Objective-To investigate whether QRS morphology on the surface ECG can be used to predict myocardial viability.
Design-ECGs of 58 patients with left ventricular impairment undergoing positron emission tomography (PET) were studied. N-13-Ammonia (NH3) and F-18- fluorodeoxyglucose (FDG) were the perfusion and the metabolic markers, respectively. The myocardium is scarred when the uptake of both markers is reduced (matched defect). Reduced NH3 uptake with persistent FDG uptake (mismatched defect) represents hibernating myocardium. First, the relation between pathological Q waves and myocardial scarring was investigated. Second, the significance of QR and QS complexes in predicting hibernating myocardium was determined.
Results-As a marker of matched PET defects, Q waves were specific (79%) but not sensitive (41%), with a 77% positive predictive accuracy and a poor (43%) negative predictive accuracy. The mean size of the matched PET defect associated with Q waves was 20% of the left ventricle. This was not significantly different from the size of the matched PET defects associated with no Q waves (18%). Among the regions associated with Q waves on the EGG, there were 16 regions with QR pattern (group A) and 23 regions with QS pattern (group B). The incidence of mismatched PET defects was 19% of group A and 30% of group B (NS).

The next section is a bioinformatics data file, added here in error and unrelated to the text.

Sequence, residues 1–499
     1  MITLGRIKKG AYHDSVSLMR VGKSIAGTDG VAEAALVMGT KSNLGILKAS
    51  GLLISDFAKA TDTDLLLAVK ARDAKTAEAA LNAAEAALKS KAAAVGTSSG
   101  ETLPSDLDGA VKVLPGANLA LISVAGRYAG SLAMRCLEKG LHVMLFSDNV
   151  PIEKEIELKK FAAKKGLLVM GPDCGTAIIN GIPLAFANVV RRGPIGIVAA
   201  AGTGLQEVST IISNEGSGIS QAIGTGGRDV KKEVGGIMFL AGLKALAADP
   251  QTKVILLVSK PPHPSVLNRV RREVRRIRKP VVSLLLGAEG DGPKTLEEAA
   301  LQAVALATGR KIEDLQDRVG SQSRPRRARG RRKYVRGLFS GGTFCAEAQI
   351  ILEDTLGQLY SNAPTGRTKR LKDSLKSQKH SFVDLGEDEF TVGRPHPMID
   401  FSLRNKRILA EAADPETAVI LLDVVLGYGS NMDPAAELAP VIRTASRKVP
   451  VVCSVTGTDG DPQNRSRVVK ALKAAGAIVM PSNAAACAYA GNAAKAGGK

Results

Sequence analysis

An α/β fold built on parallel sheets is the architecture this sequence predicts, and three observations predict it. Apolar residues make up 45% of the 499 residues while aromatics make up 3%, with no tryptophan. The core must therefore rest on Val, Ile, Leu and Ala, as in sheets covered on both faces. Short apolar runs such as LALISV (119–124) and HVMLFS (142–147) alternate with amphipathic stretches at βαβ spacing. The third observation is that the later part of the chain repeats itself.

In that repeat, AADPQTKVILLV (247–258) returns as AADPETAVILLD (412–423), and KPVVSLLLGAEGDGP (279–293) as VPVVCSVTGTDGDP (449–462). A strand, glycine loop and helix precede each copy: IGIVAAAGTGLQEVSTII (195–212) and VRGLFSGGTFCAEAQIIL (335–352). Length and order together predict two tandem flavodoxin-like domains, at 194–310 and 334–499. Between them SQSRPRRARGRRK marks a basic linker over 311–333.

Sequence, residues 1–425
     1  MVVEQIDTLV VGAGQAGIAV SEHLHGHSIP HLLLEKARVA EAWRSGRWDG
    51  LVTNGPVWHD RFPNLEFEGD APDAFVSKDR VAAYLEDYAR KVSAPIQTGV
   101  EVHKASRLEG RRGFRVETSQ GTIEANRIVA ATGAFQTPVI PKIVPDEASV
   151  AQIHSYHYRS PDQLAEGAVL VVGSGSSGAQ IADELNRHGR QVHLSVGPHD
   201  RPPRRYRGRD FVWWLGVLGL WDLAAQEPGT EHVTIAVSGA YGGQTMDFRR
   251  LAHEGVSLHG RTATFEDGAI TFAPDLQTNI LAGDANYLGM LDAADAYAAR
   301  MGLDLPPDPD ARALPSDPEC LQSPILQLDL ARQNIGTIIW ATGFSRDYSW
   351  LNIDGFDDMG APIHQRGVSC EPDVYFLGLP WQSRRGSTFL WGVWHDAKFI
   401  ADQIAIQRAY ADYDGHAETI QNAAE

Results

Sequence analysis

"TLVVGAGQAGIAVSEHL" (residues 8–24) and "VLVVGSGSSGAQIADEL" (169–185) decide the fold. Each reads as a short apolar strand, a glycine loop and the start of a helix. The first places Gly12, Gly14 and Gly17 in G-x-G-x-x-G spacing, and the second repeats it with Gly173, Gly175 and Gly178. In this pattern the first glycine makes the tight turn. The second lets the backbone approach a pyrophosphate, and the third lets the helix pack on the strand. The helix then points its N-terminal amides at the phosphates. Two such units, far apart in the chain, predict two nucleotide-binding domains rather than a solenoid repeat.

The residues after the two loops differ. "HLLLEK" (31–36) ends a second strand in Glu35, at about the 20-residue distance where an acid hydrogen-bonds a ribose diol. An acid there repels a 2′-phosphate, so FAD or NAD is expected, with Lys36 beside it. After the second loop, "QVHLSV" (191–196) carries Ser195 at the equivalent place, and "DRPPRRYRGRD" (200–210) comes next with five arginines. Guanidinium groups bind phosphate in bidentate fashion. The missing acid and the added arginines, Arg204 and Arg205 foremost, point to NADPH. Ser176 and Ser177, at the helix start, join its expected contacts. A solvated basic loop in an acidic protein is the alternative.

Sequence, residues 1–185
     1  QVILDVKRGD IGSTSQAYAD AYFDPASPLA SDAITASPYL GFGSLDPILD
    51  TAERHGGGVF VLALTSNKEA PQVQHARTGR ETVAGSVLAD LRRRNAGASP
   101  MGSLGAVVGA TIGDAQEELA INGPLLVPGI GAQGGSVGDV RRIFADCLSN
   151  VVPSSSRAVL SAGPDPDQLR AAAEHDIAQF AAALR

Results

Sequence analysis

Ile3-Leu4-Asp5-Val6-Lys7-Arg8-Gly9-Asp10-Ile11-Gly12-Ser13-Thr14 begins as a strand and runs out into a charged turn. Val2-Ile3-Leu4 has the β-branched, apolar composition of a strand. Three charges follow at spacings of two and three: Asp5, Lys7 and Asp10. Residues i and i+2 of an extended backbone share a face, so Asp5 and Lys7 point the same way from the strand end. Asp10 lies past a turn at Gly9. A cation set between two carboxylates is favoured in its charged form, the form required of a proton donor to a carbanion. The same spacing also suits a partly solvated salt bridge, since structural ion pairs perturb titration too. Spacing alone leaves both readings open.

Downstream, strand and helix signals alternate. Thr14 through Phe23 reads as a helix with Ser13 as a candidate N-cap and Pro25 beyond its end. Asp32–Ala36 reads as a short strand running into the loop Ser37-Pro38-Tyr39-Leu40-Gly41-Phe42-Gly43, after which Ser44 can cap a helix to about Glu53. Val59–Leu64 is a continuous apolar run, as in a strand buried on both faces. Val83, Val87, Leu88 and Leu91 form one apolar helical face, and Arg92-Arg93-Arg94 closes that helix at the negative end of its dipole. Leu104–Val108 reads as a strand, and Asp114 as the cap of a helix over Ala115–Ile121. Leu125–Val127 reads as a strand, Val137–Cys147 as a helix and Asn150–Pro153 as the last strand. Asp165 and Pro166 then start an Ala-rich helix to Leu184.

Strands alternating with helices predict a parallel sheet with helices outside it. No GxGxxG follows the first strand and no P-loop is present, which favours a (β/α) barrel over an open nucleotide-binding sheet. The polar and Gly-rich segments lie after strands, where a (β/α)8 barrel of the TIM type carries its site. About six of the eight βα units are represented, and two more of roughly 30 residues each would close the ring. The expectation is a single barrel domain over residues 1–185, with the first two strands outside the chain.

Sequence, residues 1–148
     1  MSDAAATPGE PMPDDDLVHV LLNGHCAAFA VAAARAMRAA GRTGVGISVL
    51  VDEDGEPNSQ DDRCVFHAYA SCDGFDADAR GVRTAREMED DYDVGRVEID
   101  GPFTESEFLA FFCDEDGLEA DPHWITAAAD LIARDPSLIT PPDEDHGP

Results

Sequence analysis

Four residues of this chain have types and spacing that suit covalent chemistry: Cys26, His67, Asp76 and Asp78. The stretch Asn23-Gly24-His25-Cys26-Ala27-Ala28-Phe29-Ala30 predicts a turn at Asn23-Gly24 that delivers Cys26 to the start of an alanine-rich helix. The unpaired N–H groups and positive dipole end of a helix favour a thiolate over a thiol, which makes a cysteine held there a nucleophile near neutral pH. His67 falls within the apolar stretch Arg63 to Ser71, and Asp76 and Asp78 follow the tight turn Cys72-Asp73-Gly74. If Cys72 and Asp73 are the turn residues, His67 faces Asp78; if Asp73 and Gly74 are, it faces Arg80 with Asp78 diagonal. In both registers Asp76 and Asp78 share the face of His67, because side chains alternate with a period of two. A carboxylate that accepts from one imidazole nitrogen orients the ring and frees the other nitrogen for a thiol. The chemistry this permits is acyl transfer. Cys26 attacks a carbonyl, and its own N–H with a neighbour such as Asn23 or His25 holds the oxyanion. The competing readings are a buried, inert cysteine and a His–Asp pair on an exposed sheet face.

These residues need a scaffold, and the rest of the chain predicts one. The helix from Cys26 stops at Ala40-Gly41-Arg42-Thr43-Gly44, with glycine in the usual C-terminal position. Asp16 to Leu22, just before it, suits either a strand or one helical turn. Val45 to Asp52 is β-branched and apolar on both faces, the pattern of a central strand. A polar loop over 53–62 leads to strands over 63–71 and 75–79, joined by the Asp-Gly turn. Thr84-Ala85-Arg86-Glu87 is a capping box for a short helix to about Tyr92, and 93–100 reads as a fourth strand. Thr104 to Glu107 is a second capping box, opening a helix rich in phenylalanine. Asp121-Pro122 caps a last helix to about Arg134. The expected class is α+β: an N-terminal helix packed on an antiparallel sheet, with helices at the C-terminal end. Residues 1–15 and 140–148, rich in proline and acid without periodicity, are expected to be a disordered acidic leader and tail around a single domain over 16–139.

Conclusions-Q waves are specific but not sensitive markers of matched defects representing scarred myocardium. Q waves followed by R waves are not more likely to be associated with hibernating myocardium than QS complexes.
|Number of pages||5|
|Publication status||Published - 1999|
- myocardial viability
- positron emission tomography
- myocardial scarring
- POSITRON EMISSION TOMOGRAPHY
- LEFT-VENTRICULAR DYSFUNCTION
- HIBERNATING MYOCARDIUM
- REGIONAL PERFUSION